Worrying news from Scotland

This is a story that wasn’t exactly high profile but is worrying.

Scotland is trialing a new electronic vote counting system for local elections. On the face of it this might sound sensible speeding up counts by moving to a centralised electronic system at 32 centres across the country.

Of course even with the best will in the world it isn’t as simple as that.

I start from the premise that elections are very important.  It is also important that every candidate is able to track the progress of the count and be satisifed that it is fair.  This is the strength of manual counting, you can watch each step and challenge the mistakes that inevitably occur and overall if everyone (including observers) does their job we can be fairly confident of the result.

The issue with electronic counting is it removes the ability of those at the count to challenge and check.

One nice feature about hand counts is you can see the stacks. This is clear in single member FPTP, but even in a STV elections you can see the stacks as they are broken and resorted.  You can get a feel that the result is correct.

If this is done electronically then you have to trust the software and hardware.  There are two key reasons not to do this with the software:

  1. Malice
  2. Incompetence

To get round allegations of both the code and tool chain would need to be open to scrutiny as widely as possible.  Certainly every political party must have access to the code.  But even this is not enough, if you don’t believe me have a look at the results of the “obfuscated v” competition. If you know C have a look at one of the entries, and explain why it adds votes for Kerry and Nader to Bush’s total  on November 2nd but not on November 1st! Also explain why it works differently on different operating systems. Even ignoring the possibility of malice, bad coding is not unknown to result in bugs that could do similar things. (Many of the entries in the contest use buffer overruns, the same sort of bug that is behind most web site hacks — not an uncommon event.)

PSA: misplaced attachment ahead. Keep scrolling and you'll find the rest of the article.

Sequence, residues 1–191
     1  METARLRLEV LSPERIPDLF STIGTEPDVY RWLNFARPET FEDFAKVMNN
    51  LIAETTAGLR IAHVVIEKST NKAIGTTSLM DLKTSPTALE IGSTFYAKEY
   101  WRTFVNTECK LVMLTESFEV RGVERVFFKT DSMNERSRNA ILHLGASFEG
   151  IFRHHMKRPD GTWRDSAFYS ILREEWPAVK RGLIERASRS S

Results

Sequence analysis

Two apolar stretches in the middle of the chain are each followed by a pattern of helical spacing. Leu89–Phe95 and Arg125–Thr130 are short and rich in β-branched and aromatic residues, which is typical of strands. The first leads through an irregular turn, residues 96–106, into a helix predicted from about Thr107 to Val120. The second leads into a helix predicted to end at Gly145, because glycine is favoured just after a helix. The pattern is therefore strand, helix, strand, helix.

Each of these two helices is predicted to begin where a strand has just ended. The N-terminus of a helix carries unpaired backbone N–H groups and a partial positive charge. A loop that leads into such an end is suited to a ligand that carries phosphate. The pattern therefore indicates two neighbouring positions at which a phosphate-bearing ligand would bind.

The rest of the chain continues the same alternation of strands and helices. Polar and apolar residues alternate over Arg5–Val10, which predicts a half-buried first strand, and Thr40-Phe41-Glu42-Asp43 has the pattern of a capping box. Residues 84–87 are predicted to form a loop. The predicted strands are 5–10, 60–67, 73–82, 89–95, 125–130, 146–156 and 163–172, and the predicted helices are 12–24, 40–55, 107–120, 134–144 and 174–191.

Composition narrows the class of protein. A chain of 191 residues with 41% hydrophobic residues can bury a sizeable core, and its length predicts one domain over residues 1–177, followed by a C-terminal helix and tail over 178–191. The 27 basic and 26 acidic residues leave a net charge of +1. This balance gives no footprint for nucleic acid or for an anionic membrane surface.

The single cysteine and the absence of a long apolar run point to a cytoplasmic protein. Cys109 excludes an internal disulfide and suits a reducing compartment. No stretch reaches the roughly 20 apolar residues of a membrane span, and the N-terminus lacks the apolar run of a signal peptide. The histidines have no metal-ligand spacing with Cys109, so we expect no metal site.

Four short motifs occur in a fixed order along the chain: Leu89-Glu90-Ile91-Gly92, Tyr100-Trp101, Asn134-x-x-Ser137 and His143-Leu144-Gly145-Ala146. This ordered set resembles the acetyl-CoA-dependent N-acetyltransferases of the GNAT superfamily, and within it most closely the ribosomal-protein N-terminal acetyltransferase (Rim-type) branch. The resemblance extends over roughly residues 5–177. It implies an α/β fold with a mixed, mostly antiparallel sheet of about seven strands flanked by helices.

The code itself is also not enough as other entries show: you can use the build process to change source files, and this can also be hard to spot in a large enough software project.

Finally will the system be secure enough to withstand a malicious agent. I presume an air gap will be mean you have to be at the count (but that may not be certain), but how secure will the system be to someone trying to break into it?

A secondary, but also important issues is access to the count.  I don’t know if the 32 locations will be a reduction in the number of locations, but if it is then it needs to be handled carefully.  Whilst Scotland and England have very different populations, and so more travel is inevitable than would be usual in England it has to be possible for candidates and activisits to get to the count.  They also need to be able to cope with the number of observers needed for reasonable scrutiny. If this change reduces the number of scrutineers it is undesirable for a robust democratic process.

Elections are too important for this.

(As an aside, clearly the big news story at the moment is the London riots, but I think letting the dust settle is the best idea at the moment.)